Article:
Anna, whose question was backed by all the kids, one Chatty in particular, had been directed at the president.
She wondered why past and present governments would prioritise and care much about those in the second cycle and the tertiary institutions and barely do so for those in the Basic side.
Anna My first response to the young girl's question was " wow, what a brilliant kid with a brilliant question?"
Yes, Mr. President, the kid, Anna, is not speaking, as Jesus told his disciple Peter: "you're not speaking from your mind, but it's the holy spirit that directs you".
Look, Mr. President, visit the village schools, go to the government owned schools, the Basic ones, those you want pass their exams and enjoy your Free Education, your pet project.
Not only are they sitting under trees, or in dilapidated buildings, making the bare floor/ground their seats and tables; but they don't have well trained teachers too.
You've had the benefit of travelling around the world, and check it, apart from Africa, Ghana in particular, where do you see Middle School leavers, Senior High school leavers and untrained teachers teach those in crèche, nursery, kindagarten and primary schools?
The advanced countries, those we envy for their productivity, the golden example being Germany, would never even employ a first degree holder to teach their toddlers.
So, why is it that it's different in our case? Does it mean our leaders care less about the future of this country Ghana, or it is a manipulation by the neocolonialists who don't want us to reach where they are, making us perpetual slaves to them?
Today, the heavens have spoken through the kids on the Children's Corner programme, if you want to maintain your position, take a sacred look at their petition and respond accordingly.
They are the future of this country, and if what they petition now is swept under the carpet, they will have no option than to march alongside the revolution soldiers that will blush you aside and build for better the fallen walls of our country, and make Ghana great again.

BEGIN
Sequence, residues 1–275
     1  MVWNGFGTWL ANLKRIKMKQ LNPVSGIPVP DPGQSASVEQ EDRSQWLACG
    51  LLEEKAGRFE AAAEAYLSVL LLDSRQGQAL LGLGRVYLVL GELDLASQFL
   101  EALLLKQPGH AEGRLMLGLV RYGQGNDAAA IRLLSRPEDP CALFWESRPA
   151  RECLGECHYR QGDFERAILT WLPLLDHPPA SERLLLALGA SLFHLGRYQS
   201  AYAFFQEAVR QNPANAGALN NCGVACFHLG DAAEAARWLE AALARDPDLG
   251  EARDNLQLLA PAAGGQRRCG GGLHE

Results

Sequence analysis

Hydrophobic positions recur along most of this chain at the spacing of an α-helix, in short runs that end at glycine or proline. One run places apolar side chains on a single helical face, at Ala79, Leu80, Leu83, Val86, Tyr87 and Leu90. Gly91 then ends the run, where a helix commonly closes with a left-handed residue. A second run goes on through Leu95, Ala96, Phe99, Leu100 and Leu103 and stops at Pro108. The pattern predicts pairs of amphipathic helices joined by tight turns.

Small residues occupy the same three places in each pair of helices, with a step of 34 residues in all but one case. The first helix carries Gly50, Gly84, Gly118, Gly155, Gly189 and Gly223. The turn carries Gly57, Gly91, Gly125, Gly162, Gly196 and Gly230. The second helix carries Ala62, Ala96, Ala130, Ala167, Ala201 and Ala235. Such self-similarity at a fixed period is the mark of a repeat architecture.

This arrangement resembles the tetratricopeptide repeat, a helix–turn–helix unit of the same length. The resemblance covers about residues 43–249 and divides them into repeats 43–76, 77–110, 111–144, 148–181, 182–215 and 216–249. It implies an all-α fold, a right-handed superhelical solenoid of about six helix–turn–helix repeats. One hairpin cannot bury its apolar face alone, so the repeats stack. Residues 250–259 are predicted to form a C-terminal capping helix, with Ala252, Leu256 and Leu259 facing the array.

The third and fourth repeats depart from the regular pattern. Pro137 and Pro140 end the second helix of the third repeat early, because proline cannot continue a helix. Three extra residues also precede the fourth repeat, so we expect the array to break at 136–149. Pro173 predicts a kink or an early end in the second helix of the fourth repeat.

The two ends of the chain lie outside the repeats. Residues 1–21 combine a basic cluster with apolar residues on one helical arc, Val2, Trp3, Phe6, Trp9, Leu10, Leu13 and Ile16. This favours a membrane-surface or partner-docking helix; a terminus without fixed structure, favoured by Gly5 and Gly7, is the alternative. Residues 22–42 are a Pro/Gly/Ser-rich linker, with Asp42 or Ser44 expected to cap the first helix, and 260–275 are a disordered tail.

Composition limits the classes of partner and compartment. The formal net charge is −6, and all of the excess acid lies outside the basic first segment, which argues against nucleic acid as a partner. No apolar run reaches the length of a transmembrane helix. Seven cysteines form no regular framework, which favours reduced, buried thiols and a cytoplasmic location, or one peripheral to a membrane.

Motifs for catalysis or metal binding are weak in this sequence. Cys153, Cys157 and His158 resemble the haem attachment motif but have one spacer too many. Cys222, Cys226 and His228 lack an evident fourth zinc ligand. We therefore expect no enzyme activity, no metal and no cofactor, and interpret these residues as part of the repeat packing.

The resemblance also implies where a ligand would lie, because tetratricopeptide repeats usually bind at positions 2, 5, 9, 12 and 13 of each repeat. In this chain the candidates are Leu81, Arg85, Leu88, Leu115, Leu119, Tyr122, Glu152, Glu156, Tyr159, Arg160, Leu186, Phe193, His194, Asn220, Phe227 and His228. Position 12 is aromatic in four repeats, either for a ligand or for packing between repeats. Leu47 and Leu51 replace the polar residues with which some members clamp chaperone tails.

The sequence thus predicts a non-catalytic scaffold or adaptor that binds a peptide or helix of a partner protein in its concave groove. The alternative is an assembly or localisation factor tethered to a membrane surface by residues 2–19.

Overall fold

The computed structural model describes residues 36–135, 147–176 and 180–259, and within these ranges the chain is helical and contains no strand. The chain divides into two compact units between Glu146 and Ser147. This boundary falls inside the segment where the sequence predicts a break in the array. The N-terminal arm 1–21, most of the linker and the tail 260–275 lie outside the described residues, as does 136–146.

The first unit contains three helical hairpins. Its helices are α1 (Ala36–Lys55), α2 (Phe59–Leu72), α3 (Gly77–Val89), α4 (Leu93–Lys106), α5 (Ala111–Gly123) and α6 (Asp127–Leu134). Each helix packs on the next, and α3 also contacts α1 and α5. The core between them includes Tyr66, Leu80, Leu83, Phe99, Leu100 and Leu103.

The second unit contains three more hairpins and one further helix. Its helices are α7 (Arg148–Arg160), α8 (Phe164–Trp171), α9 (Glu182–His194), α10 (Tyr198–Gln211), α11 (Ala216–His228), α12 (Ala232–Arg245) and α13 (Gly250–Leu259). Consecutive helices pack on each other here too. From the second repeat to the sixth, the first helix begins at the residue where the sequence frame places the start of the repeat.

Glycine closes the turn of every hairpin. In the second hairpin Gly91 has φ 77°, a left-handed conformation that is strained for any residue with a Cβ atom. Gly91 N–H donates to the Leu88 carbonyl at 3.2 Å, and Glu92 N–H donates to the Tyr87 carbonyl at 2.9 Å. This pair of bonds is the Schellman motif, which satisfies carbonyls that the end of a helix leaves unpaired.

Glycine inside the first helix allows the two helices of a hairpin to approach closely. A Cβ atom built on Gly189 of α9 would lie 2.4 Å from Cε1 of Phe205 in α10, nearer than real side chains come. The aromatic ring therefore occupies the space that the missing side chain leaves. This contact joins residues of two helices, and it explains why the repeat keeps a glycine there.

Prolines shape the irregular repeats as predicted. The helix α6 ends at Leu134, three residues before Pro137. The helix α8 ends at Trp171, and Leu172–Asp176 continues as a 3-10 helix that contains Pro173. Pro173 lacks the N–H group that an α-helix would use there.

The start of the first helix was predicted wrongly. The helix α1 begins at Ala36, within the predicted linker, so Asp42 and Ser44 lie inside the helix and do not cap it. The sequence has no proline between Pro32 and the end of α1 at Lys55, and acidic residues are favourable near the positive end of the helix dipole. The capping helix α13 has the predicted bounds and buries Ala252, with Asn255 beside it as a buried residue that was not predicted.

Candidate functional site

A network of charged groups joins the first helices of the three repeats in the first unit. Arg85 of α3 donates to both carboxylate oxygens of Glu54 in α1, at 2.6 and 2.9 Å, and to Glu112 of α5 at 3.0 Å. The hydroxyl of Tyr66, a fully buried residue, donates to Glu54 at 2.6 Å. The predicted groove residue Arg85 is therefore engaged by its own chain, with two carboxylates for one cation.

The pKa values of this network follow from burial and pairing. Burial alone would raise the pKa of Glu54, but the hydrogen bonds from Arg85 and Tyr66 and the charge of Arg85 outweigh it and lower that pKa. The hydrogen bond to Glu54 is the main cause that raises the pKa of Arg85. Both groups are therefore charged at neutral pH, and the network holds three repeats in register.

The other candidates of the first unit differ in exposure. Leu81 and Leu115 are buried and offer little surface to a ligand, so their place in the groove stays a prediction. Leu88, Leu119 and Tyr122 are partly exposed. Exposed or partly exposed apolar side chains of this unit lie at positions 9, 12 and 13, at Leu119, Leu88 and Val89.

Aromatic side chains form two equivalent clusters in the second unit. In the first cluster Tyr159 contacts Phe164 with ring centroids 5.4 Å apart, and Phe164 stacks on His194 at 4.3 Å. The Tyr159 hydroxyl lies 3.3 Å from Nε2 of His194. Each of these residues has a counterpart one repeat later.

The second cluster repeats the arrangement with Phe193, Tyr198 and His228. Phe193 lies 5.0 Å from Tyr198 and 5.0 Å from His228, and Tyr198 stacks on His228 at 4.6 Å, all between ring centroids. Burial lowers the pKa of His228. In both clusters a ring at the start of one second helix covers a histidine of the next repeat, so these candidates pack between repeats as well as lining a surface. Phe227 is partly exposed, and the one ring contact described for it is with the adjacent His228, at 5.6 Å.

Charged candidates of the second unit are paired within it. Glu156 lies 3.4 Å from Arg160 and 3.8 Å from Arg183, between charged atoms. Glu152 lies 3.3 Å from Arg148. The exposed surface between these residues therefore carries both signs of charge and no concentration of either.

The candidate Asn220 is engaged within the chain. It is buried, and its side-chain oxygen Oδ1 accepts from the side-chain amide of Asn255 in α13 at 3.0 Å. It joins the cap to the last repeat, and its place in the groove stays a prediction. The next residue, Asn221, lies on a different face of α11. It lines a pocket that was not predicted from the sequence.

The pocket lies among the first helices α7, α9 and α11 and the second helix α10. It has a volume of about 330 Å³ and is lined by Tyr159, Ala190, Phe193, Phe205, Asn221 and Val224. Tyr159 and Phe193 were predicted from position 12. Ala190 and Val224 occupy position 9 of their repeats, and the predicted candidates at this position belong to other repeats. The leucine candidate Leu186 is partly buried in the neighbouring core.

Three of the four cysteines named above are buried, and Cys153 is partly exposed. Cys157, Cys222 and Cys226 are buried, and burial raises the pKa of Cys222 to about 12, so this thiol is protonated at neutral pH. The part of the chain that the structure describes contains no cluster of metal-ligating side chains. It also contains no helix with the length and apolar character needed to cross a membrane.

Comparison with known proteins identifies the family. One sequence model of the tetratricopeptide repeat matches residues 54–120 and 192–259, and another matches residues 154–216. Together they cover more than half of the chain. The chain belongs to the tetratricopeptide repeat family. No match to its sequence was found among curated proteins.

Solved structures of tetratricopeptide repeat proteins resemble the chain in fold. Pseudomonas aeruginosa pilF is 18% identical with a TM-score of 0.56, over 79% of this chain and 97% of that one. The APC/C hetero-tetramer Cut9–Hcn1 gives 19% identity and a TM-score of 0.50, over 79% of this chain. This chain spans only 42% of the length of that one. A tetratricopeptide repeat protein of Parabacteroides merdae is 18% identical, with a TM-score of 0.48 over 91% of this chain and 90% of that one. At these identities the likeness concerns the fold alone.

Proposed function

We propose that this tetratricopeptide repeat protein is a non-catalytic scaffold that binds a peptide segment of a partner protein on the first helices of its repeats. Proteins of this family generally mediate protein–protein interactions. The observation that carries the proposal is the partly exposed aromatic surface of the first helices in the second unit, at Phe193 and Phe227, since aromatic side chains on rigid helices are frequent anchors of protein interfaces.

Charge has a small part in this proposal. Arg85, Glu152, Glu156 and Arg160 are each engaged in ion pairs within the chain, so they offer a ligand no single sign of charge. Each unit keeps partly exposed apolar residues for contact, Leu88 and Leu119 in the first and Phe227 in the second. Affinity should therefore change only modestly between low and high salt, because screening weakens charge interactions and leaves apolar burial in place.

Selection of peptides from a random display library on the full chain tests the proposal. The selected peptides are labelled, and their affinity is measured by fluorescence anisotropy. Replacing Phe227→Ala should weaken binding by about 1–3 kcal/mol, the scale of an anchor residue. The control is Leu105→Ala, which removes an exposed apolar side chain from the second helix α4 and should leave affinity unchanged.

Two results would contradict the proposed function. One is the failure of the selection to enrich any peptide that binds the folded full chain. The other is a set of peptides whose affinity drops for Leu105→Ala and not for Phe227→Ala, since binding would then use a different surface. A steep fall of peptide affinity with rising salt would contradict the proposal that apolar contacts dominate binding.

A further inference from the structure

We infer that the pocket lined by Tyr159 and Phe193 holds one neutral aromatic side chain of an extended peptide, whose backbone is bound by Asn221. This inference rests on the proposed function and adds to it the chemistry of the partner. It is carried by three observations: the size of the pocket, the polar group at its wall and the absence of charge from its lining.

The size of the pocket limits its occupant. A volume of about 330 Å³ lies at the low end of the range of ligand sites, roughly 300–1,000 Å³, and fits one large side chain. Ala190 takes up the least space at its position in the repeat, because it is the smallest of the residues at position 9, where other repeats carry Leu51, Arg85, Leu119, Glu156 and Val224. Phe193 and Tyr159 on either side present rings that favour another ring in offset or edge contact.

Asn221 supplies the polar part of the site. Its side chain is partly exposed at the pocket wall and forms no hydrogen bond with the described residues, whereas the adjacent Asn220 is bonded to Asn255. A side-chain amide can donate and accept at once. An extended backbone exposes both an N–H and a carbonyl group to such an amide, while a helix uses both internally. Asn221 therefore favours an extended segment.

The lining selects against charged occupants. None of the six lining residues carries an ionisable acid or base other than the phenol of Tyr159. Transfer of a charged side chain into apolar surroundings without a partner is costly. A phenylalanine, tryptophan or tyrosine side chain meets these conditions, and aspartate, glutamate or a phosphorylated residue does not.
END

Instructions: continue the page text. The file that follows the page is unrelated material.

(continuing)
Don't forget it that you're not the first leader in Africa to seem giving "Free Education" to your people. Zimbabwe under the just demised Comrade Robert Mugabe had it. The international media touts them as the most lettered populace in Africa. Yet, what do we see reflecting on their economy? The foundation was not right. They've only learnt to read and write, but the country is caving in economically. It could be linked to economic sanctions.
But, Sir, Mr. President, a word to the wise is enough.
Forget not that soldiers of the revolution are the ones amplifying the petition of the kids to you. They have in them souls that are dedicated to erecting the best foundation for Ghana and Africa.
the author Written by: Charles Yeboah (Sir Lord) Contact/WhatsApp: +233249542111 Email: [email protected]
Disclaimer: "The views/contents expressed in this article are the sole responsibility of the author(s) and do not neccessarily reflect those of Modern Ghana. Modern Ghana will not be responsible or liable for any inaccurate or incorrect statements contained in this article."
Reproduction is authorised provided the author's permission is granted.